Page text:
A focus on school readiness
There was a time in my career as an Early Literacy Specialist when I recognized that ‘school readiness’ drove education policy, program development, research collection and analysis, and anxiety levels of parents and educators.
I remember being in meetings with representatives from early learning and care programs, from government ministries responsible for funding early learning and school age programs, and with data analysis coordinators who collected and interpreted numbers intended to shed light onto the multifaceted ways children demonstrate readiness to be at school during their senior kindergarten years.
There was earnestness in these conversations. Everyone was focused on setting up children to succeed. In many of these round table conversations, there was discussion about how to ensure parents knew how to prepare their children for school. There was less debate about how schools could better prepare for children. I recall no conversations that questioned whether or not the values that underpinned ‘school readiness’ as a goal reflected what children needed.
There was an assumed belief that if children had been read to from birth, and if they had experienced playful conversations and engagement with adults through singing or nursery rhymes, children were poised to learn the basics of literacy. If they had prior group experiences in childcare or early learning programs, they would more easily fit into classroom routines, know how to wait and take turns, follow directions, and express their needs and desires in socially acceptable ways. These were the simple hallmarks of school readiness which would enable them to develop skills used as benchmarks for learning – primarily literacy, math and science. There was, and still is, an assumption that children must be introduced to step-by-step instruction about these core skills so that they gain knowledge and mastery in lockstep with other children in their grade. Ideally each child learns at the same pace throughout their school career, so that they don’t ‘fall behind”. If they fall behind, the long-term risk of unemployment or low income earning (a risk to the individual) and of being a low contributor to the economy (a risk to society) increases in the eyes of families, schools, and government.
But is this true? Is an ‘economic engine of society’ the lens we need and value most for our 3- and 4-year-old children? How will this lens inspire children’s quest to discover and understand their world? Could our focus on specific measurable outcomes for children from such a young age stunt children’s inborn curiosity and unique perspectives about nature, ethnic, cultural, and gender identities? Might our beliefs about ‘school readiness’ be thwarting our youngest generation from teaching us much needed insights into how we can reimagine or deepen our relationships with each other and the natural world? Might a different lens, over time, alter the trajectory of human existence on this planet?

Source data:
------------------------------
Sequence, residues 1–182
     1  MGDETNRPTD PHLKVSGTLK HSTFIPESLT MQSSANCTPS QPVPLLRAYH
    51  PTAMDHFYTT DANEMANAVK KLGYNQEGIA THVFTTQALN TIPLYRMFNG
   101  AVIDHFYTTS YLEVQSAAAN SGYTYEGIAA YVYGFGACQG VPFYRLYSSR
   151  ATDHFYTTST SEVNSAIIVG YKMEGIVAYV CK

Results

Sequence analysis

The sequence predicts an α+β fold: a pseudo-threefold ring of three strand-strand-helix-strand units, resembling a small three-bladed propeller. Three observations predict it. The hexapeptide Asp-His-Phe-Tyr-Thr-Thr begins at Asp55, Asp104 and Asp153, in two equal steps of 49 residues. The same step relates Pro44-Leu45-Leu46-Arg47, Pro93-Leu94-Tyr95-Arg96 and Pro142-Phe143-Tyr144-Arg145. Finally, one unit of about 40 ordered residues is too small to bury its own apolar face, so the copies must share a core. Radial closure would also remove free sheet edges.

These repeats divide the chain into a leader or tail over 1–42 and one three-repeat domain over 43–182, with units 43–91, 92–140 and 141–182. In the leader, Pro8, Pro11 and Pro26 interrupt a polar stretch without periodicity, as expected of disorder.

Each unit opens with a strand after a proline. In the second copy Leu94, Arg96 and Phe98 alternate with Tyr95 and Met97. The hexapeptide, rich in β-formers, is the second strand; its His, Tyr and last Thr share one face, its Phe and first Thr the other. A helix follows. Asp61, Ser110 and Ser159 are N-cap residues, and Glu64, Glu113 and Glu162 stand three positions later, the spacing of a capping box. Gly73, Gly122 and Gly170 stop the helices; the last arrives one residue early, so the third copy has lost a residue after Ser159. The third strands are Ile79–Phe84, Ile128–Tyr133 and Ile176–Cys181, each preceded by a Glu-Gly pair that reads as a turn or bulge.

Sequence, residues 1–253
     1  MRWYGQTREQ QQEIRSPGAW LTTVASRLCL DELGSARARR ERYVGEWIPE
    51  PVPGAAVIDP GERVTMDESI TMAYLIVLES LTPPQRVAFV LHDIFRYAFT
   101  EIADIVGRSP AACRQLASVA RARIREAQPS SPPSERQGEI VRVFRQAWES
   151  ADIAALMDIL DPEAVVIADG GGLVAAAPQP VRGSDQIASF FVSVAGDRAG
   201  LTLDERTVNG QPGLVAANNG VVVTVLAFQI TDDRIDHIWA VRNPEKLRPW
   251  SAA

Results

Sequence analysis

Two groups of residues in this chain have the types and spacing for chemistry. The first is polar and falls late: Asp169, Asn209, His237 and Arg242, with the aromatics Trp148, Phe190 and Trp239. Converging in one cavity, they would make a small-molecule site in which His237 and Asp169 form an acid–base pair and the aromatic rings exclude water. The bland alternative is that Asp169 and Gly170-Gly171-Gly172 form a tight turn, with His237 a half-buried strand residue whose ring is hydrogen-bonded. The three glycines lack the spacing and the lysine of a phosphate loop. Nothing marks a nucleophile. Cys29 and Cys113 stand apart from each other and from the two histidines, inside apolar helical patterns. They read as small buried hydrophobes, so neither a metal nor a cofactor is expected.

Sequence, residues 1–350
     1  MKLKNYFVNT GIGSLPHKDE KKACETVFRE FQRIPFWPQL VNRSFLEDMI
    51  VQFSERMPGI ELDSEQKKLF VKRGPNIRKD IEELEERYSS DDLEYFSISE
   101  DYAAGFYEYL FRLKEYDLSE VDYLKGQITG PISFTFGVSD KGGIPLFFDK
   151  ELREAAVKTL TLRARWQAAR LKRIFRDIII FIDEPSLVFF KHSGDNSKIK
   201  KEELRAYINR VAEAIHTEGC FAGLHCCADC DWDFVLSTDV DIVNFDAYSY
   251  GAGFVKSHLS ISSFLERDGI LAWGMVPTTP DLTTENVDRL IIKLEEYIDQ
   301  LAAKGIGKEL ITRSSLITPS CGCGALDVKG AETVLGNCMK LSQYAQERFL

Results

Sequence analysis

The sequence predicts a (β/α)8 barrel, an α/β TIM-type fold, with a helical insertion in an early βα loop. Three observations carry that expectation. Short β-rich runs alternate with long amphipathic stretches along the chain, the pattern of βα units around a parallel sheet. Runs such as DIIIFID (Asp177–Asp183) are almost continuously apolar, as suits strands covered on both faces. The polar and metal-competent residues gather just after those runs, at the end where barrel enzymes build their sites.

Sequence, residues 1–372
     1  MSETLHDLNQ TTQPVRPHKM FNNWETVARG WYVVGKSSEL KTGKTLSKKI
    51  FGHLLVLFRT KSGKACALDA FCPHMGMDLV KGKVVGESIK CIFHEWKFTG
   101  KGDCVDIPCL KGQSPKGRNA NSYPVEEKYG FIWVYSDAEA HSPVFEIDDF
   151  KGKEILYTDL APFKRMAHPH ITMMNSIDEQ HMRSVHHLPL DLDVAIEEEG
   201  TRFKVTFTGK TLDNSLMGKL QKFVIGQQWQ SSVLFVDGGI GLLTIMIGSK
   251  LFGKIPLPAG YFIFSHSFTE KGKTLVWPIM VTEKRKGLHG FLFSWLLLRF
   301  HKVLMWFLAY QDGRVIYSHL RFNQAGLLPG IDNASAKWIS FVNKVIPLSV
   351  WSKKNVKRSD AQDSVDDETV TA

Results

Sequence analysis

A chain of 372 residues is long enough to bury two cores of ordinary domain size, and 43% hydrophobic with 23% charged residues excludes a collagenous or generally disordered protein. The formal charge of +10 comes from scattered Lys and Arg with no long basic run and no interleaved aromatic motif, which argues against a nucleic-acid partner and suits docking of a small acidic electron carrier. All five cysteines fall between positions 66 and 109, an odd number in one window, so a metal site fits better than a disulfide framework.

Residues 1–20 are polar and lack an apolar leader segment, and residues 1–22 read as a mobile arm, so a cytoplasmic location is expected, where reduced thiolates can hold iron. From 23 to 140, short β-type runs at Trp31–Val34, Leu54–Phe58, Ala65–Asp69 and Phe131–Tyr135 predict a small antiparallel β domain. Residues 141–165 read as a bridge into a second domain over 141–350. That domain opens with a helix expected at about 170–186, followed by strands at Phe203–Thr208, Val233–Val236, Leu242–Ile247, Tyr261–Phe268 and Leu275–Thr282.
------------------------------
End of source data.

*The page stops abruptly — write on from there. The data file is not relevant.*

The transition to school
Certainly, the transition into school life is monumental.
- Parents are entrusting their precious child into the care of people they haven’t yet had the opportunity to get to know and trust.
- Children are typically experiencing school as a new place that is very different from home. The hallways, classrooms, and playground are filled with many more people with unknown expectations and personalities, who may not even speak their language. Will they get lost? Will anyone notice? Where will their parents be?
- Educators are wanting to create approaches and routines that create harmony and growth as a newly formed group of diverse children. Yet they are pulled between responding uniquely to each child in their class to knowing that they too will be assessed on how well the children in their class meet pre-defined benchmarks that have been developed in tandem with economists.
Maybe ‘school readiness’, rather than an assumed set of beliefs, values, or predefined skills, instead should be conversations – conversations that begin with the child.
Listening to children
Kindergarten orientation sessions often involve letting parents and children see the kindergarten class and gymnasium, meet the school principal and kindergarten teachers. In rural schools, these orientation sessions frequently provide a short bus ride for children with their parents—to experience this new mode of transportation in a way that allays anxiety for everyone. Of course, parents also learn about school expectations and routines, what to do if their child is sick, details about lunches and snacks, items and extra clothing to send to school.
These sessions typically also invite parents to ask teachers and administrators questions that are specific to their child and home circumstance.
Yet these crucial conversations to ready the child for school, can easily overlook one central and meaningful element…the child’s voice. It can also bypass reflection about adult assumptions, values, beliefs, and priorities.
As we prepare for children to enter school for the first time, we can begin the conversation about school readiness differently … with listening for the voices of our children.
Wondering how to grow school readiness that begins with listening for children? Check out a sample process in our resource Getting Ready for School Guide.